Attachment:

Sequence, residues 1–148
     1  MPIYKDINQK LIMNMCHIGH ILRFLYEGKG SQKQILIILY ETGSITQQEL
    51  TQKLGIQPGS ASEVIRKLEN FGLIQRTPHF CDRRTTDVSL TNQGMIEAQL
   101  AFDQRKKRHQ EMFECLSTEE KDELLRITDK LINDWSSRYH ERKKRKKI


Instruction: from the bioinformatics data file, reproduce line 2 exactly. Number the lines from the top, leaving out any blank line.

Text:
     1  MPIYKDINQK LIMNMCHIGH ILRFLYEGKG SQKQILIILY ETGSITQQEL